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10.16.13

5 Steps to Thinking in New Boxes

Thinking outside-the-box is a useful metaphor for thinking creatively or trying to get out of a rut. But practically speaking, it’s not going to happen. Your brain just doesn’t work that way. Your brain needs boxes. You can’t think without them. We create and use mental boxes to organize and use what we know.

The reality is, getting out of one box means getting into another. Thinking outside-the-box really means finding a new box. A new box with different assumptions, prejudices, beliefs and parameters. A different box will give you different answers because it forces you to ask different questions.

Thinking in New Boxes
In Thinking in New Boxes, authors Luc de Brabandere and Alan Iny say that the improved solution will be found in a new box. Here’s the key thought: “Since your brain needs models or boxes to think, the key to being creative in practical ways, to managing change during these times of such uncertainty, is to first try to understand your existing boxes to a greater degree, and then attack any situation or issue by developing a range of new boxes. You can then carefully choose which box(es) to use, even as you embrace the ambiguity inherent in doing so.”

Based on how the human mind actually thinks and reasons, the authors have developed a five-step approach to thinking in new boxes:

Step 1: Doubt Everything
All of your ideas, even the most successful, are hypotheses within you—and not set in stone. “Step one of our process involves acknowledging the seductive comfort of the boxes you’re using now.” It’s understanding that the way you have been pre-wired may be curtailing your ability to develop new perceptions.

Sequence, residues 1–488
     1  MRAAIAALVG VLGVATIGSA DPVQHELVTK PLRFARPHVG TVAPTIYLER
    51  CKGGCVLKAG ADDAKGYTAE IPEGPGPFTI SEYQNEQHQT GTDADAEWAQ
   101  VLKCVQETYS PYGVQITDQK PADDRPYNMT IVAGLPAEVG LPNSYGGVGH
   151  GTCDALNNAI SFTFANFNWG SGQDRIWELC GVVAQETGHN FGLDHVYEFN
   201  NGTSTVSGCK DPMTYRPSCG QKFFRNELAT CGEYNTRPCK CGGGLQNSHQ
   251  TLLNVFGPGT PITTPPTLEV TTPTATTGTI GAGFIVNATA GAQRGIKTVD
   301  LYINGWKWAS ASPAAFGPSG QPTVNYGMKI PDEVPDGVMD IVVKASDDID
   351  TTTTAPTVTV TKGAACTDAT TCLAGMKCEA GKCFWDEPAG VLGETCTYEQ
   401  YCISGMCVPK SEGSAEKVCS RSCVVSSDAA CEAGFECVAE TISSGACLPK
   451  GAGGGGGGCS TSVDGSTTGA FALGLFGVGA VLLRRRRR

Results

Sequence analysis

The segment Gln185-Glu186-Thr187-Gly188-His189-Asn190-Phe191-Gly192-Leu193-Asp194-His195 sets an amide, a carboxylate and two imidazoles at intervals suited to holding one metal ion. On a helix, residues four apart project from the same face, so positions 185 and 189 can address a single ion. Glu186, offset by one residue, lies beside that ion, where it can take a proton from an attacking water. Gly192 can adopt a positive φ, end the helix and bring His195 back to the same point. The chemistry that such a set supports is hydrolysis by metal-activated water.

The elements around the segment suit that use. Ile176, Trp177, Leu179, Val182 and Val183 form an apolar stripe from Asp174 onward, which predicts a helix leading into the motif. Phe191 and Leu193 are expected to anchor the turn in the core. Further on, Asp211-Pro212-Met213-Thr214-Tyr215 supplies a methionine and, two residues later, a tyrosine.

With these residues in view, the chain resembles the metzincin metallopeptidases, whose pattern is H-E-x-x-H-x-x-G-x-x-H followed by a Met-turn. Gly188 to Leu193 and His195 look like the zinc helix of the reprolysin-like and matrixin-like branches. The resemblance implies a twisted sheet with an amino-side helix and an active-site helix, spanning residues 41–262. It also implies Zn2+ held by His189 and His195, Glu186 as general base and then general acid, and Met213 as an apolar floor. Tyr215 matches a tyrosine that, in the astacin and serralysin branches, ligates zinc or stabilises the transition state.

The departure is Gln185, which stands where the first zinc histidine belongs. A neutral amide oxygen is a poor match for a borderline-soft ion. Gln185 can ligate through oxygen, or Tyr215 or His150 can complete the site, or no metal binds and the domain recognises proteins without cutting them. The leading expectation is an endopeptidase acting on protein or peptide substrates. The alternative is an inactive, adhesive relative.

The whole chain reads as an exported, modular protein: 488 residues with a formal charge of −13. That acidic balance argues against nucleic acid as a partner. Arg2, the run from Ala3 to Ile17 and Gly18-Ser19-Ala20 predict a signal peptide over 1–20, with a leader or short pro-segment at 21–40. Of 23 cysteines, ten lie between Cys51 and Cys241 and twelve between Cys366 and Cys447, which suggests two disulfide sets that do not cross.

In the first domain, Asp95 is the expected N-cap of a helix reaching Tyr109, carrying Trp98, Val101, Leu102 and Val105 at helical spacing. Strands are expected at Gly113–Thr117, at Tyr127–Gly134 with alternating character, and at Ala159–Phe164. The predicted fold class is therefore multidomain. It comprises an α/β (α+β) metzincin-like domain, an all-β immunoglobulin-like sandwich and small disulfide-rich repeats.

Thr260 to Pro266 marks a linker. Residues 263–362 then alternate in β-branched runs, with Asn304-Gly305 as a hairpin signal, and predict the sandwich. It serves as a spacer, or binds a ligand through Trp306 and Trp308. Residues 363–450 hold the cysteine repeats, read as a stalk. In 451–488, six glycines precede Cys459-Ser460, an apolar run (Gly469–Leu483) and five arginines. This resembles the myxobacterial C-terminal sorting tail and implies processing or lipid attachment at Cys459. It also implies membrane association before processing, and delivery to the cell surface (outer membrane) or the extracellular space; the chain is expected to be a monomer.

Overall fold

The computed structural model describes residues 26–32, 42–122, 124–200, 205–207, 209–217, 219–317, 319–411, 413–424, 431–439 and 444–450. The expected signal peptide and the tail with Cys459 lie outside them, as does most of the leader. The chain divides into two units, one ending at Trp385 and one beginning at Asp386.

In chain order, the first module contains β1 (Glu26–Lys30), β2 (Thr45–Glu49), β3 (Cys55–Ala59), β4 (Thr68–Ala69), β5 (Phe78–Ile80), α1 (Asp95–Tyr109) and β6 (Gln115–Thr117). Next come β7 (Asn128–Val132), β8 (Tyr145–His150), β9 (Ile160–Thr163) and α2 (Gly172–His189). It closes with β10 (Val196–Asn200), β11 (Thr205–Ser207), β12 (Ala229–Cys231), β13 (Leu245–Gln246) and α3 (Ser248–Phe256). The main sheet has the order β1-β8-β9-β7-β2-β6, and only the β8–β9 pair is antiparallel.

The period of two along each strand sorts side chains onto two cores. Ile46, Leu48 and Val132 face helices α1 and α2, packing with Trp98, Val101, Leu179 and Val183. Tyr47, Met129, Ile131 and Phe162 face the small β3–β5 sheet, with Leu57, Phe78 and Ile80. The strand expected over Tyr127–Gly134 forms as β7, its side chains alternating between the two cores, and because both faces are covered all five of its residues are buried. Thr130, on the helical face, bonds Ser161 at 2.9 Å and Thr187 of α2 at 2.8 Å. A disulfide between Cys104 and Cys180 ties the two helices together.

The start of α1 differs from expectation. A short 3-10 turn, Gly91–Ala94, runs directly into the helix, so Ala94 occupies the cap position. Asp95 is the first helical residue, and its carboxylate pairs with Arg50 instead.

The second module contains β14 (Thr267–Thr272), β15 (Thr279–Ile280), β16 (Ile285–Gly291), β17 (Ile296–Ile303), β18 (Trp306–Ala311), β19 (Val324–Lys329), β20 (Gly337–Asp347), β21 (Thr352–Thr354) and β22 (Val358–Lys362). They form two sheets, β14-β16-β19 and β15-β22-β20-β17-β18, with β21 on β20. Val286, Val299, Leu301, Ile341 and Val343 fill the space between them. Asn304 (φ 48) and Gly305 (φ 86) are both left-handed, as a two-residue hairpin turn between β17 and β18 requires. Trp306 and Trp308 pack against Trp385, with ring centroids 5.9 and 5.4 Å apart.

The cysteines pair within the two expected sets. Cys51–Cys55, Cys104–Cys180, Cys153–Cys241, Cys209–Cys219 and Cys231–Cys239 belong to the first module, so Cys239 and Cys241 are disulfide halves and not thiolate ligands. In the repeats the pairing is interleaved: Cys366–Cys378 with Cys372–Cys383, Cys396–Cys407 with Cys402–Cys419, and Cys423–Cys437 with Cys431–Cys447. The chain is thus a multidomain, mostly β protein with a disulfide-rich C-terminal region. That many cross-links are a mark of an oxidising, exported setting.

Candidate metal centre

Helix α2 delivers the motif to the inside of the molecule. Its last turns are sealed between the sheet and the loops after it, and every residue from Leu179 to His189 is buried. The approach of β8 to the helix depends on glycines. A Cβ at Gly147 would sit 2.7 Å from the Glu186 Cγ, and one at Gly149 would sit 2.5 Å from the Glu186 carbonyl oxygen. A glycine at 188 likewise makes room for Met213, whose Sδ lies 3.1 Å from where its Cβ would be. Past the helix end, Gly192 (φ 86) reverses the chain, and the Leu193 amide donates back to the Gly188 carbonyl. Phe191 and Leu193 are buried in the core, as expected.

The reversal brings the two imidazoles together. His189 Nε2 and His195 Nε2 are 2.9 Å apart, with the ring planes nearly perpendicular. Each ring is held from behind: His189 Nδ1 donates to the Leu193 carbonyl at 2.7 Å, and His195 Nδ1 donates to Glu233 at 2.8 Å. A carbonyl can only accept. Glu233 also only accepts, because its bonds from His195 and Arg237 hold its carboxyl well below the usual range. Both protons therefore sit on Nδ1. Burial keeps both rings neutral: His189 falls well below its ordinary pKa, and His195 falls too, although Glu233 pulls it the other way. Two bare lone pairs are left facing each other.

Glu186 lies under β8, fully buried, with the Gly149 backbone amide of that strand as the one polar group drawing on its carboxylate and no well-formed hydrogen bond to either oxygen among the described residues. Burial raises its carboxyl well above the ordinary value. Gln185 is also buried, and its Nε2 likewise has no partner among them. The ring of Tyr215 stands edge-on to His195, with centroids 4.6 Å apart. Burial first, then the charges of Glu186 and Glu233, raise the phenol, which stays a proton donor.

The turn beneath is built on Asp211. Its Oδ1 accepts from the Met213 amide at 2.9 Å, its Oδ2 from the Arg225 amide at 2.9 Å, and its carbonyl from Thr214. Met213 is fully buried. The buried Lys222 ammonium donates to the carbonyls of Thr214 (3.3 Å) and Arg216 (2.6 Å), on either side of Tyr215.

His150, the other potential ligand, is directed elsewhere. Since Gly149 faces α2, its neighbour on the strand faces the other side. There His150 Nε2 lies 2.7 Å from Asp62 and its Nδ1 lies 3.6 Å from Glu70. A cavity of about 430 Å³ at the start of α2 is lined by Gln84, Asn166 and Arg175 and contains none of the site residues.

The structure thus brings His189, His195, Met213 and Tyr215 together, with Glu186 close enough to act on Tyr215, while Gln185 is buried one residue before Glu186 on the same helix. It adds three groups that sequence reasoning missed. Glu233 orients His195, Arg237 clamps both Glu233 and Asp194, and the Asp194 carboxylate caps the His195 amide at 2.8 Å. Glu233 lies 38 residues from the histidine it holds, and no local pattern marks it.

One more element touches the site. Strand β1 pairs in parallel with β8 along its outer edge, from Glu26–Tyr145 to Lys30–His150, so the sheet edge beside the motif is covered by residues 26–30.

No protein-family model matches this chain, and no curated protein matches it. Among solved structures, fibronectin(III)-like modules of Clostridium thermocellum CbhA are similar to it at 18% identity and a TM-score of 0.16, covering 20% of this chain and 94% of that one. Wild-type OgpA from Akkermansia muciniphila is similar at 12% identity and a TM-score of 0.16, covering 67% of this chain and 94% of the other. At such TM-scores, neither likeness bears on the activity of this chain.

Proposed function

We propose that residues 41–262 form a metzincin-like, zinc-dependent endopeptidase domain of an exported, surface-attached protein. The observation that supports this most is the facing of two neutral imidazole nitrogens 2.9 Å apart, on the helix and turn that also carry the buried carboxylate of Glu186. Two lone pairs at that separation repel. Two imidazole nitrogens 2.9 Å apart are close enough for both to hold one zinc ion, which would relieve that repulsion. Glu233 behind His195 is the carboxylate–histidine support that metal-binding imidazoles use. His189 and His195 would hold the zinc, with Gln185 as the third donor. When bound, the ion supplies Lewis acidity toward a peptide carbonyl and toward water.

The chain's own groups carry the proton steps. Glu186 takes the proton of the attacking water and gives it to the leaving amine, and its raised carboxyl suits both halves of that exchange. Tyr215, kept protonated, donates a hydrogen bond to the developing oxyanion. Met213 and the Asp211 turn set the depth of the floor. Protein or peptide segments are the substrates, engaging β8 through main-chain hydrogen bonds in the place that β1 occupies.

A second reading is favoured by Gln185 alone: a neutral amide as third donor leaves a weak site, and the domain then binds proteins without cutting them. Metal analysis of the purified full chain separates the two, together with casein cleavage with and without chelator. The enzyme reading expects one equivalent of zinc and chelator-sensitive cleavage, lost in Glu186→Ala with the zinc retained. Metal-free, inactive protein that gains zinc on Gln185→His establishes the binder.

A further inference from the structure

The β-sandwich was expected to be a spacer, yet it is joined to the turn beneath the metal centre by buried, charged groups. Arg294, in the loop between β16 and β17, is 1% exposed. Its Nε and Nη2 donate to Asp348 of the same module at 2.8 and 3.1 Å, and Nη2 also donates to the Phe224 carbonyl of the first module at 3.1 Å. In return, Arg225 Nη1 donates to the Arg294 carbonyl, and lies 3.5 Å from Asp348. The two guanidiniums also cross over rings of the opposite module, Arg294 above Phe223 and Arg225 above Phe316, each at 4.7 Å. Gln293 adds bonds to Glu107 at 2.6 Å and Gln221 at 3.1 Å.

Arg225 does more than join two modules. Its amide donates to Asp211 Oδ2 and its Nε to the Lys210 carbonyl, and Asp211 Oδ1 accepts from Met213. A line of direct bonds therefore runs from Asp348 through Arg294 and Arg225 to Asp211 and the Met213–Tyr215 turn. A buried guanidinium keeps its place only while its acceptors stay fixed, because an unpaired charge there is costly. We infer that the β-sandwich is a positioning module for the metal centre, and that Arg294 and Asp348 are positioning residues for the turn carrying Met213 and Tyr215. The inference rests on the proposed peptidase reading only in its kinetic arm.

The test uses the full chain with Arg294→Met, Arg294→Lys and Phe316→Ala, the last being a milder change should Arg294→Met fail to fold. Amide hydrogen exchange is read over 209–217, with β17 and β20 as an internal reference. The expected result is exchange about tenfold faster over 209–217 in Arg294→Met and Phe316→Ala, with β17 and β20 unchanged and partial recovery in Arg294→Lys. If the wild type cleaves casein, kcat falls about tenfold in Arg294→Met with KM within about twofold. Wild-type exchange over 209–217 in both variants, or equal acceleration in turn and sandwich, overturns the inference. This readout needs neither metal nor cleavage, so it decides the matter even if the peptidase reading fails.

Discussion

Step 2: Probe the Possible
Reexamine the world in front of you with vigor, diligence, and refreshed self-awareness. Use prospective thinking “Prospective thinking means taking a more expansive, long-term view of things, staying open to all sorts of possibilities, and doing your best to stay fully aware of what is happening both within and outside your organization or your immediate environment.”

Step 3: Diverge
In step 3 you will try to create as many new models, concepts, hypotheses, and ways of thinking as you can. “Divergence is about not only permitting but actively encouraging the expression of diverse and sometimes wildly opposing ideas, beliefs, opinions, and visions, including those that are unpopular, unattractive, or unconventional, even those that seem misguided, reactionary, or downright absurd. But, we cannot stress enough, you should always begin divergence armed with a carefully framed question that you will then, instead, work to answer.”

Step 4: Converge
In this step we evaluate our ideas, choose the most promising among them, and then zero in on which should be implemented, or in what order you think they should be pursued. “Convergence is about beginning to translate ideas into reality rather than simply trying to give birth to more and more ideas; it is about prioritizing decisions so that you can act on your best ideas.”

Step 5: Reevaluate Relentlessly
No good idea remains good forever. “To be successful, it is imperative to create one new box after another, embracing change, and knowing when it’s time to discard one box and replace it with another.” As the world changes, we will need to change. We will need new boxes.

Thinking in new boxes is first about being aware of the box you’re in and why you’re in it. The reason many find it difficult to change – to move to a new box – is because they don’t know why they think and do what they do. Once you do, it’s easier to see where you need to go and what you need to do.

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Posted by Michael McKinney at 11:46 PM
| Comments (0) | TrackBacks (0) | Change , Creativity & Innovation , Thinking



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